We have been so busy, going here and there, back and forth from our camp to visit family and back that I havenâ€™t stopped to write.
Let me tell you about a couple of the great places we have camped. Not all of our camping experience on this trip has been positive, but these have been a definite find.Â First, in Illinois, we camped backed up to the Ohio River, which I talked about in the last post. A couple of days later we found an awesome place in West Virginia, McCullum Campground in Cooperâ€™s Rock State Park,Â It is beautiful, clean, open, lots of treesÂ with one drawback â€“ the host warned of sightings of rattlers on the trails, but none had been seen in the campground itself â€“ so no problem as far as we were concerned. I could have spent several days there without a doubt, but alas we had to move on.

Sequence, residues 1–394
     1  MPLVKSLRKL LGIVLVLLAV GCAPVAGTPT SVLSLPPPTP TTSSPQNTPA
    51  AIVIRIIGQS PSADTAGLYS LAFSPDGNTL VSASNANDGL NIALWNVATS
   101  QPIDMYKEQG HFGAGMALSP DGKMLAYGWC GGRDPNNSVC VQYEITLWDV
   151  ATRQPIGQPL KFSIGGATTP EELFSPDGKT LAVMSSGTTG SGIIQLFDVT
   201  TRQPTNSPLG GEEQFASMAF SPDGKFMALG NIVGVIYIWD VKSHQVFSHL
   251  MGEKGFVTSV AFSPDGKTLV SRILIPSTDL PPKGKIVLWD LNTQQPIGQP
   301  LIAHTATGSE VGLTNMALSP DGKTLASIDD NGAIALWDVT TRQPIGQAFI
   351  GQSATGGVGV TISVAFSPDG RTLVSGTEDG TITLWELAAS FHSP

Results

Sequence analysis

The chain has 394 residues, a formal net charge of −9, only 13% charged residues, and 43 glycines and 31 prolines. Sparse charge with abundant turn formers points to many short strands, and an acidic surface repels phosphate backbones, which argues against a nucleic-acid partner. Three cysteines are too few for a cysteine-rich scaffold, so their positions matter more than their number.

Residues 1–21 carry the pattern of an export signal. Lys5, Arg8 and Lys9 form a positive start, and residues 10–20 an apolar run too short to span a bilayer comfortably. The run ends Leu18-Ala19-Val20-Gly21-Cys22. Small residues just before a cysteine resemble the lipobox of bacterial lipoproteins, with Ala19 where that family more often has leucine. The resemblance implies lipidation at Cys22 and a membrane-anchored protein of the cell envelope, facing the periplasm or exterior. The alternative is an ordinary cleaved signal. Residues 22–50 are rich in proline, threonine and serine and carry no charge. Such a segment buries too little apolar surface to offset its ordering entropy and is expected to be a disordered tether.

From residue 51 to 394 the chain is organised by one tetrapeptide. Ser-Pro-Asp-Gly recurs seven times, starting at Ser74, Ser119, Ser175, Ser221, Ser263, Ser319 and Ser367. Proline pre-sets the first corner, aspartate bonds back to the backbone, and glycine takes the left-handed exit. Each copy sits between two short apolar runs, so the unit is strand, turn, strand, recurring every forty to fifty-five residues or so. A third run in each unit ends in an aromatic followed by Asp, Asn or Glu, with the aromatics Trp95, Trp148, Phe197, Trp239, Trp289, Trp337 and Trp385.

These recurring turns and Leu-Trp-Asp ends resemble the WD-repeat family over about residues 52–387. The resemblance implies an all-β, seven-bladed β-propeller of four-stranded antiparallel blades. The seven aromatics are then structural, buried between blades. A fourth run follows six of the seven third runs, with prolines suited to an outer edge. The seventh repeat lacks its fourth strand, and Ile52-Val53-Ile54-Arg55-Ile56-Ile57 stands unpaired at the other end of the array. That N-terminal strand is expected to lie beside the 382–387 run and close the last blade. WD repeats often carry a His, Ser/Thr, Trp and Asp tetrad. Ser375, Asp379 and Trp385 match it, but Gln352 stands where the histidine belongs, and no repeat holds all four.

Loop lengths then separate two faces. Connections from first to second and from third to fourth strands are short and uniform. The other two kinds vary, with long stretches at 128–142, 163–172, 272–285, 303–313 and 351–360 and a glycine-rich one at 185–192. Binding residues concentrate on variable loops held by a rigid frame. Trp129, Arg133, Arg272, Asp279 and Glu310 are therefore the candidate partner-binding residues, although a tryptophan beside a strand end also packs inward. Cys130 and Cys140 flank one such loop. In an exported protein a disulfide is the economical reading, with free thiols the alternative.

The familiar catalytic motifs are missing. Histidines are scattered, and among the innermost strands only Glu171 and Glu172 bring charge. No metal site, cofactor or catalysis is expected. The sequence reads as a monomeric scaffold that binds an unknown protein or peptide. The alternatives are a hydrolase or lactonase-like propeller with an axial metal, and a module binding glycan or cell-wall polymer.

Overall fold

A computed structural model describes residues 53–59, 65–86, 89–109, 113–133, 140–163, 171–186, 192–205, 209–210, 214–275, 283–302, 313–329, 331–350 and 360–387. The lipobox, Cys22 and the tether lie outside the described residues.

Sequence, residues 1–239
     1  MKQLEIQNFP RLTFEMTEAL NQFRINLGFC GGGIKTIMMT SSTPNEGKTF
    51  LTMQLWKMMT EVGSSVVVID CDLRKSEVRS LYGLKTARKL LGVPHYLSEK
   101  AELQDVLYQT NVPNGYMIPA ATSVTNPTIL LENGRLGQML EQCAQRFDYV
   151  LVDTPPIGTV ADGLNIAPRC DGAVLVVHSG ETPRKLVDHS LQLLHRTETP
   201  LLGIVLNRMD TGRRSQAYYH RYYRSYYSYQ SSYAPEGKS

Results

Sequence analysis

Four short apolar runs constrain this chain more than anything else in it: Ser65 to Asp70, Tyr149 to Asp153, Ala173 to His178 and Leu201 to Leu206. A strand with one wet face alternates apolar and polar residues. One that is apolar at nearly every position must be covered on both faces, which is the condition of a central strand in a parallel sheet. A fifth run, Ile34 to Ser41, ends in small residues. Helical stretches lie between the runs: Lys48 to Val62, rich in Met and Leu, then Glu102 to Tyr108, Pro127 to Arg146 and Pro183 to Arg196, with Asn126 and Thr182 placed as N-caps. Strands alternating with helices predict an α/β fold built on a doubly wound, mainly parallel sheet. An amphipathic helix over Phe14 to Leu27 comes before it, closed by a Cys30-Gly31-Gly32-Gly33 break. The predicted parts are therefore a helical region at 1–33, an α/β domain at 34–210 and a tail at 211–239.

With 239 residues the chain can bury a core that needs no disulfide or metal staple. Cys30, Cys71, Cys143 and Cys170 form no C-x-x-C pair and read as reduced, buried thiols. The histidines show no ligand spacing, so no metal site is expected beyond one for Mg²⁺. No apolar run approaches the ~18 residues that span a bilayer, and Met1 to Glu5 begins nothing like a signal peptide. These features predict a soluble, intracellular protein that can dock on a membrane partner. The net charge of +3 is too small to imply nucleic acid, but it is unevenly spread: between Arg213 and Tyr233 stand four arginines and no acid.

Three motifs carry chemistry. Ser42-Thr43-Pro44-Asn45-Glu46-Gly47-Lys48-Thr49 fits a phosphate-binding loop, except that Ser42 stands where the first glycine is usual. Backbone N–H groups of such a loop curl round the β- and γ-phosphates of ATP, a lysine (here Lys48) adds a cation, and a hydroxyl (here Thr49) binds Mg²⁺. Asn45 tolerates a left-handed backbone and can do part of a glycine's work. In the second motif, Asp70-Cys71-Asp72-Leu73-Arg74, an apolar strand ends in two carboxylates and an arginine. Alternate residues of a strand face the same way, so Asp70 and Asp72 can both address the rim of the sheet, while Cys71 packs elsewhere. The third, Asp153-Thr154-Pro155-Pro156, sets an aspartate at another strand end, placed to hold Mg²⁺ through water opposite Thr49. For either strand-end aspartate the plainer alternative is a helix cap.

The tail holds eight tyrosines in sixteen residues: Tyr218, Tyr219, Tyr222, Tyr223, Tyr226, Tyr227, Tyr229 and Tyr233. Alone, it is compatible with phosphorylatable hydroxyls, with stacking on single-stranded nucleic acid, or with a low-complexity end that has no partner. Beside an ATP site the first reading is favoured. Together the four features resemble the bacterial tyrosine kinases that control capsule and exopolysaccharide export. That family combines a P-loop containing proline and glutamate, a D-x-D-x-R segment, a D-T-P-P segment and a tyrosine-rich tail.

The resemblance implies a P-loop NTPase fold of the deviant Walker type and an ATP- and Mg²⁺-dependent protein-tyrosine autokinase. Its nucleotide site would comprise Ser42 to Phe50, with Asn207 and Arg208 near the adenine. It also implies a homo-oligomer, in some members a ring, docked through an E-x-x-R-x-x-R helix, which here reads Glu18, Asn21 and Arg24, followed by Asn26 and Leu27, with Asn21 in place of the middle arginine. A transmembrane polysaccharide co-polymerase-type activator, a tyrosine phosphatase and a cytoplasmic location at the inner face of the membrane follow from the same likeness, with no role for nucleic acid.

Our destination camp was Croton Point Park. It is on the Hudson River.Â A absolutely wonderful place. Itâ€™s about an hour from our daughterâ€™s home in Norwalk, but about the closest place to put an RV that we have found.Â Croton Point is a peninsula that protrudes into the Hudson River about 20 miles up lo from the bay by river or about an hour by car from New York City. Itâ€™s a quiet, beautiful park with a nice size swimming beach, parks, walking trails and other activities. I looked into a bit of the history of the area. In the 17th century, Indians occupied a large fortified village on the high flat at the neck of Croton Point, which they called Navish. This was one of the most ancient and formidable Indian fortresses south of the Hudson Highlands.Â The point is named for an Indian sachem, Kenoten, which means “wild wind.â€Â West Point is just a few miles up the road from here and during the Revolutionary War British anchored a warship here and planed a secret meeting with Benedict Arnold.Â The warship was forced to abandon the area when revolutionaries bombarded it from across the river with a canon, but the British Major meeting with Arnold was caught and hanged as a spy, he was wearing a American uniform and carrying forged American papers. During the 19th century a family named Underhill owned much of the area and produced wine that gained a worldwide reputation of excellence. Today it is a county park and recreation area.